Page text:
Wife [W] and Husband [H] were married in June of 1995.
Prior to their wedding in May of 1996, W’s parents created a company [Company] with the parents as general partners. Although the parents have “full, exclusive, and complete authority and discretion in the management and control of the business of the [partnership”, W, her three siblings and her parents were limited partners; each having 20 percent of Company. None of the limited partners were responsible for debts, liabilities, contracts or any other liabilities of Company. Each partner also has a capital account in the partnership. W had 20 percent of Company’s total capital.
In 2005, Company made three loans to H totaling $150,000.00. The loans were credited to W’s account, and her capital account was reduced by the same amount of the loans. In 2009, H executed another loan for the $150,000.00, but this time with eight percent interest. He never repaid the loan.
In 2011, W and H divorced. Their divorce decree stated that all rights, title, and interest to any community interest that may exist in Company [to W] … and assigned to H, as his separate obligation, his debt to Company. The decree also required H to indemnify and hold W harmless from that debt. Later that year, H filed for Chapter 7 bankruptcy – and included his loan from Company as part of his debts. All of his debts were then discharged.
In 2015, W attempted to re-open H’s bankruptcy proceedings and have H’s discharge of his Company debt non-dischargeable. She was unsuccessful. The bankruptcy court declined to re-open the proceedings, so she went back to the family court that handled their divorce. The trial court found for W and decided that H owed her the money (now almost $350,000.00 including interest), because Company had reduced her share of the capital account.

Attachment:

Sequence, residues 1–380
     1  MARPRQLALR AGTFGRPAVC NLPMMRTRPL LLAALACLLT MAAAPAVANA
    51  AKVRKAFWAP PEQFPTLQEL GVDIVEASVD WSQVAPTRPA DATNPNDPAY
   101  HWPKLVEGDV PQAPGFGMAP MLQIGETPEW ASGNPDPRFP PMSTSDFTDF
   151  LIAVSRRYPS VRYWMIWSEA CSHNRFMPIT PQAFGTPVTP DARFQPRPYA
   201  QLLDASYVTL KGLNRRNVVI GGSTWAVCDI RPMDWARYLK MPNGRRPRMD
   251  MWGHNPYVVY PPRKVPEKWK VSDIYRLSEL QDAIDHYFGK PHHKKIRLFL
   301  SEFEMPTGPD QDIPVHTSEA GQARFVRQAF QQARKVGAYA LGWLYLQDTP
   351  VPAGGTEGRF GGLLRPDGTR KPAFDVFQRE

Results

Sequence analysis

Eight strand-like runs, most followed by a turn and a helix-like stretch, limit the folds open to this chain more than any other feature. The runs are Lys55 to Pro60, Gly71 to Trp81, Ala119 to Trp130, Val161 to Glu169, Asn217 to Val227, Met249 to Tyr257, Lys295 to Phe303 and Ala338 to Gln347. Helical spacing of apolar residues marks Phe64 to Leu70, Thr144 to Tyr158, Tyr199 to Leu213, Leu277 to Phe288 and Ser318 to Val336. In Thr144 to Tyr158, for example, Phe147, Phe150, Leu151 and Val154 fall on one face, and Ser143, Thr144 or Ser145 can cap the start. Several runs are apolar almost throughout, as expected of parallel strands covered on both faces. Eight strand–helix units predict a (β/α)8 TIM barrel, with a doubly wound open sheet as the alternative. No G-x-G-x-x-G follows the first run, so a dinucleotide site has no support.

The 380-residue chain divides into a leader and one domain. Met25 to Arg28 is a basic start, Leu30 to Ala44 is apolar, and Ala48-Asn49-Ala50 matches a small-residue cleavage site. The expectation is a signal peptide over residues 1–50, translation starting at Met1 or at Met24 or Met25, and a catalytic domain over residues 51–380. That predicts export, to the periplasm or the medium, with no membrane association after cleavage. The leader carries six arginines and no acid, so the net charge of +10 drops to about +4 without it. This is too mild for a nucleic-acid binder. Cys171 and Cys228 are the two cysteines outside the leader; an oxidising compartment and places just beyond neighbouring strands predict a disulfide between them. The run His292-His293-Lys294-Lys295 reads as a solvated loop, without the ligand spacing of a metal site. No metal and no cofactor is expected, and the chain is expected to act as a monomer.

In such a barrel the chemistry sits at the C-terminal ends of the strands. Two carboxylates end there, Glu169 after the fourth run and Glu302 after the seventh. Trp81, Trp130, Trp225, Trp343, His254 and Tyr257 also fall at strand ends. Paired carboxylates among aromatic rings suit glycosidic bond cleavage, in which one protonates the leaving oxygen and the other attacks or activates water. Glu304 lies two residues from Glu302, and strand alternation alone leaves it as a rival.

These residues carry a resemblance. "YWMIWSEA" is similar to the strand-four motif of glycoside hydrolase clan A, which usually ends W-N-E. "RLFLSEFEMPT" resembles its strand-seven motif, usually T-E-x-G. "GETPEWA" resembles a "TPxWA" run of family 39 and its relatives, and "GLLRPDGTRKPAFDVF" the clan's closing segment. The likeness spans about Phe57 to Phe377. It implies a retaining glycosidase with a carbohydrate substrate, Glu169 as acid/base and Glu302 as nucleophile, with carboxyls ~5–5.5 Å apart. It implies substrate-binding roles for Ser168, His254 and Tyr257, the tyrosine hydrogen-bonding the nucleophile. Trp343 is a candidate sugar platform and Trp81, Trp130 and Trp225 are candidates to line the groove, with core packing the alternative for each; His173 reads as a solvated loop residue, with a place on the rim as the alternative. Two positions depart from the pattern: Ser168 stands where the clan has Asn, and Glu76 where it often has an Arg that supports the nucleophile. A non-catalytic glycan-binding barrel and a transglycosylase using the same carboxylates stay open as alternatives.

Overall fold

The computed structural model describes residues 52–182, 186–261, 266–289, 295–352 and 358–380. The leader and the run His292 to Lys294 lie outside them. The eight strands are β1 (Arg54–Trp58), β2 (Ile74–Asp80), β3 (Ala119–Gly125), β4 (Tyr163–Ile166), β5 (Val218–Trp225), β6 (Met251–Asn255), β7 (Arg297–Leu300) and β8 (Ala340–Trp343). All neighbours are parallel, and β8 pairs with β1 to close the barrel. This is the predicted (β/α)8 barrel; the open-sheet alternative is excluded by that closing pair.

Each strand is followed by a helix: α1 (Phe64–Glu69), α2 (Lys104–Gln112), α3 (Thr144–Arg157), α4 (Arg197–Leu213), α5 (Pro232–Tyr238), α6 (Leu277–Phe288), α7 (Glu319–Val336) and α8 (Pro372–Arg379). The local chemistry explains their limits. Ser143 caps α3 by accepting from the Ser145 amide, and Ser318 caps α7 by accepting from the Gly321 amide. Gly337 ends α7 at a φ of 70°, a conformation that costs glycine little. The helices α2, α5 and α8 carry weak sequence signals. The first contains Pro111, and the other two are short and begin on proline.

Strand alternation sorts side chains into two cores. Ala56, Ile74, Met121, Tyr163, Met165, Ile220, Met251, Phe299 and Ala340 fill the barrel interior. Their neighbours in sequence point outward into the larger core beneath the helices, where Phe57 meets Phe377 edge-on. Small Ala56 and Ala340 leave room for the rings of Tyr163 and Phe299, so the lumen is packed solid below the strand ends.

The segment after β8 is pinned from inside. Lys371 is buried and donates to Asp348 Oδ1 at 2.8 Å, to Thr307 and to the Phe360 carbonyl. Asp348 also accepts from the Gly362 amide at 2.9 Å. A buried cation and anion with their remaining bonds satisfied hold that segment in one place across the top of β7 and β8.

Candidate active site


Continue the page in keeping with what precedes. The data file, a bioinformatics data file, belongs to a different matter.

H appealed and the Appellate Court agreed with the trial court.
Although Chapter 7 bankruptcy removes all of a party’s debts, there are exceptions. Those exceptions include anything that would be used to deprive a dependent spouse (or ex-spouse) and children of the support and maintenance due them. In other words, bankruptcy cannot be used to avoid paying legitimate marital and child support obligations. This also includes those obligations made by divorce decree.
“We accordingly hold that a debt is non-dischargeable pursuant to section 523(a)(15) [of Title 11 of the United States Code] if the nature of the debt is such that its discharge would directly and adversely impact the finances of the debtor’s spouse or former spouse. The identity of the payee is not determinative…”
“…Here, the trial court correctly determined that [H]’s debt to [Company] is a debt to a former spouse. [H]’s loan came from [W]’s share of [Company]. The debt was credited against her partnership interest, and her capital account was reduced accordingly. [H]’s failure to repay the debt adversely affects [W]’s finances. The debt is therefore “to a former spouse…”